North Carolina's situation is similar in many respects to that of Massachusetts in Massachusetts v. EPA, 549 U.S. 497, 127 S.Ct. 1438, 167 L.Ed.2d 248 (2007). There the Supreme Court held that Massachusetts had standing to challenge EPA's failure to regulate certain air pollutants, because Massachusetts has “quasi-sovereign interests” in reducing air pollution and a procedural right to challenge EPA under 42 U.S.C. § 7607(b)(1). Massachusetts v. EPA, 549 U.S. at 519-21, 127 S.Ct. 1438. Like Massachusetts, North Carolina is a state challenging EPA's rule pursuant to 42 U.S.C. § 7607(b)(1) in order to reduce its air pollution, which entitles North Carolina to “special solicitude in our standing analysis.” Massachusetts v. EPA, 549 U.S. at 520, 127 S.Ct. 1438. In addition, “[w]hen a litigant is vested with a procedural right, that litigant has standing if there is some possibility that the requested relief will prompt the injury-causing party to reconsider the decision that allegedly harmed the litigant.” Id. at 518, 127 S.Ct. 1438.
North Carolina contends that because EPA has recognized ozone as a harmful pollutant (injury), and because EPA recognized in 1998 that ozone from Georgia contributed to North Carolina's non-attainment of the 1997 eight-hour ozone standard (causation), and because re-including northern Georgia in the NOx SIP Call would likely reduce Georgia's emissions (redressability), it has established standing. Nonetheless North Carolina acknowledged during oral argument that notwithstanding any “special solicitude” to which it may be entitled as a sovereign state, it must demonstrate Article III standing. We conclude the redressability requirement is not satisfied.
North Carolina contends that it has standing because it is having difficulty meeting federal eight-hour ozone standards due to emissions from Georgia. With its opening brief, see Sierra Club v. EPA, 292 F.3d 895, 900-01 (D.C.Cir.2002), North Carolina submitted an affidavit in support of its standing from the Deputy Director of the Division of Air Quality of the North Carolina Department of Environment and Natural Resources, Sheila Holman. The Holman Affidavit states that North Carolina has areas located close to Georgia that are not attaining the 1997 eight-hour ozone standard, and concludes that NOx emissions from northern Georgia impact ozone levels in North Carolina, based in part on an attached report by Dr. Saravanan Arunachalam that concluded Georgia's emissions likely contributed significantly to North Carolina's non-attainment in 2005. North Carolina also points out that EPA has recognized that an area's proximity to an emissions source contributes to the effects from that source. See Remand Rule, 69 Fed.Reg. at 21,625. North Carolina contends that the Holman Affidavit and the Arunachalam Report establish North Carolina's injury and show that Georgia partially causes this injury. Re-including northern Georgia in the NOx SIP Call, North Carolina concludes, would reduce Georgia's contributions to North Carolina's ozone, and thus redress North Carolina's injury by helping it meet its federal 1997 and 2008 eight-hour ozone standard obligations, as well as improve its overall air quality.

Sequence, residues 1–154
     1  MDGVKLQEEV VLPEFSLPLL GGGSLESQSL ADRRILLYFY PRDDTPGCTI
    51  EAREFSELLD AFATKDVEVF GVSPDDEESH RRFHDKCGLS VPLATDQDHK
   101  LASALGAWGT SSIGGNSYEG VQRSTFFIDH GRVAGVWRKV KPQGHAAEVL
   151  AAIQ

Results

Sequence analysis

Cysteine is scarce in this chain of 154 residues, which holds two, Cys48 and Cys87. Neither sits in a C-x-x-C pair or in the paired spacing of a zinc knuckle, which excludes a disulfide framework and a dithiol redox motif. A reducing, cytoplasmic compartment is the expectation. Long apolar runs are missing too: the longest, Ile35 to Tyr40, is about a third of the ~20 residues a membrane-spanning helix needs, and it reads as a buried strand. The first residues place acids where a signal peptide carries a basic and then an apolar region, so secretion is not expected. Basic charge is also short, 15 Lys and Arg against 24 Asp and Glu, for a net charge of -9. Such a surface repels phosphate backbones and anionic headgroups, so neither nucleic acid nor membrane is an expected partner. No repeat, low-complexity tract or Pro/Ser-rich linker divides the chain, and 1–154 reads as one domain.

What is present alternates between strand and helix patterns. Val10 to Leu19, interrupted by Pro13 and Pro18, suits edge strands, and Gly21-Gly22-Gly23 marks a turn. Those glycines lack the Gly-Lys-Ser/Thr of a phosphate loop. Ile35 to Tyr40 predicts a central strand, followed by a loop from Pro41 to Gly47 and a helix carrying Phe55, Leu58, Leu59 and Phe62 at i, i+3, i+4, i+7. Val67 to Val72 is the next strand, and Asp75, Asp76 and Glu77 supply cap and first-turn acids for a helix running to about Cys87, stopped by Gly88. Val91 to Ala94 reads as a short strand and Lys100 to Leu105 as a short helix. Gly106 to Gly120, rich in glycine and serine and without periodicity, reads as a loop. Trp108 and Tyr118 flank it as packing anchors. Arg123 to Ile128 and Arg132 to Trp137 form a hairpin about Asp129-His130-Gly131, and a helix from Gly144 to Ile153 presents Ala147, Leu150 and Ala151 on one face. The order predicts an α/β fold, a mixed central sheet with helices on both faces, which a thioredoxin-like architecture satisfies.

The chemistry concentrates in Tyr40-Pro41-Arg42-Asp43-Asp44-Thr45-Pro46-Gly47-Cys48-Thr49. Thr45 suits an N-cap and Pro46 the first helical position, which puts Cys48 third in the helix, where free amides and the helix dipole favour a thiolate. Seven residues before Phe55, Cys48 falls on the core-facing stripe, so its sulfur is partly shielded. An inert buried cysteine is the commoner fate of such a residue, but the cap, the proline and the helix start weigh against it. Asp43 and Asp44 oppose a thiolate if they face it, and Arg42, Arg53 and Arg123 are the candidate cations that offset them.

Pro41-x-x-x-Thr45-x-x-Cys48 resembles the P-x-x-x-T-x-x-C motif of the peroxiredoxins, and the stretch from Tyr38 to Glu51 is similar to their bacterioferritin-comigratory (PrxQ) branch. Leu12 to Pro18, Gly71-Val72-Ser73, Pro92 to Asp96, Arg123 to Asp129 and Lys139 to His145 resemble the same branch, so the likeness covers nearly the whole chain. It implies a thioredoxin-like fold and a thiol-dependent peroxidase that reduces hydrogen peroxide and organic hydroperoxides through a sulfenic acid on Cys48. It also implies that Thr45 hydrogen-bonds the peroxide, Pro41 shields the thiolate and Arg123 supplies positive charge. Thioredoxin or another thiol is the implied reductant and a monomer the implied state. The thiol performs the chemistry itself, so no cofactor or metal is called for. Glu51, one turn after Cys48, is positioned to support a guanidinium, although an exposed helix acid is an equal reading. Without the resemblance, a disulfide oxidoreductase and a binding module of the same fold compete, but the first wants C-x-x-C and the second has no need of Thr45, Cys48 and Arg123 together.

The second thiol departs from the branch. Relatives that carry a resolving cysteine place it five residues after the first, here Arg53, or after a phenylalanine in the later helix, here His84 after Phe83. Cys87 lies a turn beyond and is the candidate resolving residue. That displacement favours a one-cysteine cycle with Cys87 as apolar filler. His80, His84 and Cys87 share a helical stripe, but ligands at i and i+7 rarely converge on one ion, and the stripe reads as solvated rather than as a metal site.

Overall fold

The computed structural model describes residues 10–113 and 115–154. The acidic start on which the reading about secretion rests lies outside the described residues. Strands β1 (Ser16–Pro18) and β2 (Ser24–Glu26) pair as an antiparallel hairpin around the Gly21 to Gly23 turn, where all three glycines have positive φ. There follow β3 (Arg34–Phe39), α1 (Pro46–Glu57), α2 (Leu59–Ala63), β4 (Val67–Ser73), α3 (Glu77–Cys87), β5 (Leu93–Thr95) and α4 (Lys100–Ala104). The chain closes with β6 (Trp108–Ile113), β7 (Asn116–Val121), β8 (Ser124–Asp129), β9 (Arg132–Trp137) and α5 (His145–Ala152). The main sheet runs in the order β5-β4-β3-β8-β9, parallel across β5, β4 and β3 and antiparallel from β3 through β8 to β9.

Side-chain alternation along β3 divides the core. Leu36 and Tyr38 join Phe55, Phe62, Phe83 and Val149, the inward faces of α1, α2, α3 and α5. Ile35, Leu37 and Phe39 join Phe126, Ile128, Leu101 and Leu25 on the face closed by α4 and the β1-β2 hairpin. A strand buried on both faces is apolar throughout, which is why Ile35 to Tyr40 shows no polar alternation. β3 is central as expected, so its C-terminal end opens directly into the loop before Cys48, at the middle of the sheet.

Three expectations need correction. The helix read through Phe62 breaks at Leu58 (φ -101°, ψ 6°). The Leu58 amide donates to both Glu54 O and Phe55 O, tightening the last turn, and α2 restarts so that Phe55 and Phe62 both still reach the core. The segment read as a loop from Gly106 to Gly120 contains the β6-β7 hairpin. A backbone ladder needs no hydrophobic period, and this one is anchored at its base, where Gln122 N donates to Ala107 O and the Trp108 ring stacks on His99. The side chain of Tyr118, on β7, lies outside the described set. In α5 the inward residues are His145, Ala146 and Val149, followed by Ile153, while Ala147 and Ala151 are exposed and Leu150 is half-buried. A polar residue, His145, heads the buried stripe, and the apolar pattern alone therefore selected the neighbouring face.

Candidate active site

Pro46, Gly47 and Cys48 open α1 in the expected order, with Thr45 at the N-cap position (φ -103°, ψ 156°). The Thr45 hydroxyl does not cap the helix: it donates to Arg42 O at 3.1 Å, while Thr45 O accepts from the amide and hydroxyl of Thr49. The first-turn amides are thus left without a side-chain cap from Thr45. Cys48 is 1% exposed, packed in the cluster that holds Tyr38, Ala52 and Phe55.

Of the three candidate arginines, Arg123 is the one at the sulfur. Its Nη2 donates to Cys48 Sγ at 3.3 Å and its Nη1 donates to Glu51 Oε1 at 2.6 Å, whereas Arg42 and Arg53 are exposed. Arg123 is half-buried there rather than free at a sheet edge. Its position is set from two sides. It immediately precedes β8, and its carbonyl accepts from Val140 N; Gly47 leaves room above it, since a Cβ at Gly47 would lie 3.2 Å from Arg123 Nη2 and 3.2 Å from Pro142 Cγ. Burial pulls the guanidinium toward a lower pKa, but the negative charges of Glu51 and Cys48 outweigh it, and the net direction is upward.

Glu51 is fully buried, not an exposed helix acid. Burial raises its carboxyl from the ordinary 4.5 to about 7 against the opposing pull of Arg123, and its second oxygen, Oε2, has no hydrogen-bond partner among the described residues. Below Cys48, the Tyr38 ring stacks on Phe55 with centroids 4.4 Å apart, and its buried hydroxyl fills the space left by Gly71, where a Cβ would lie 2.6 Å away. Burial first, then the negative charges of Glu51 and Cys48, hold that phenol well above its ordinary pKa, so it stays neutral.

In challenging North Carolina's standing, industry's objections regarding injury and causation are not well taken. Industry's preliminary contention that North Carolina lacks standing because it discussed its injury 2 in terms of the stayed 1997 and new 2008 eight-hour ozone standards, rather than the NOx SIP Call's one-hour ozone standard, is unpersuasive. As North Carolina responds, ozone is ozone no matter how it is measured, and if re-including Georgia in the NOx SIP Call reduces ozone under the one-hour standard, it would presumably reduce ozone under the eight-hour standard as well.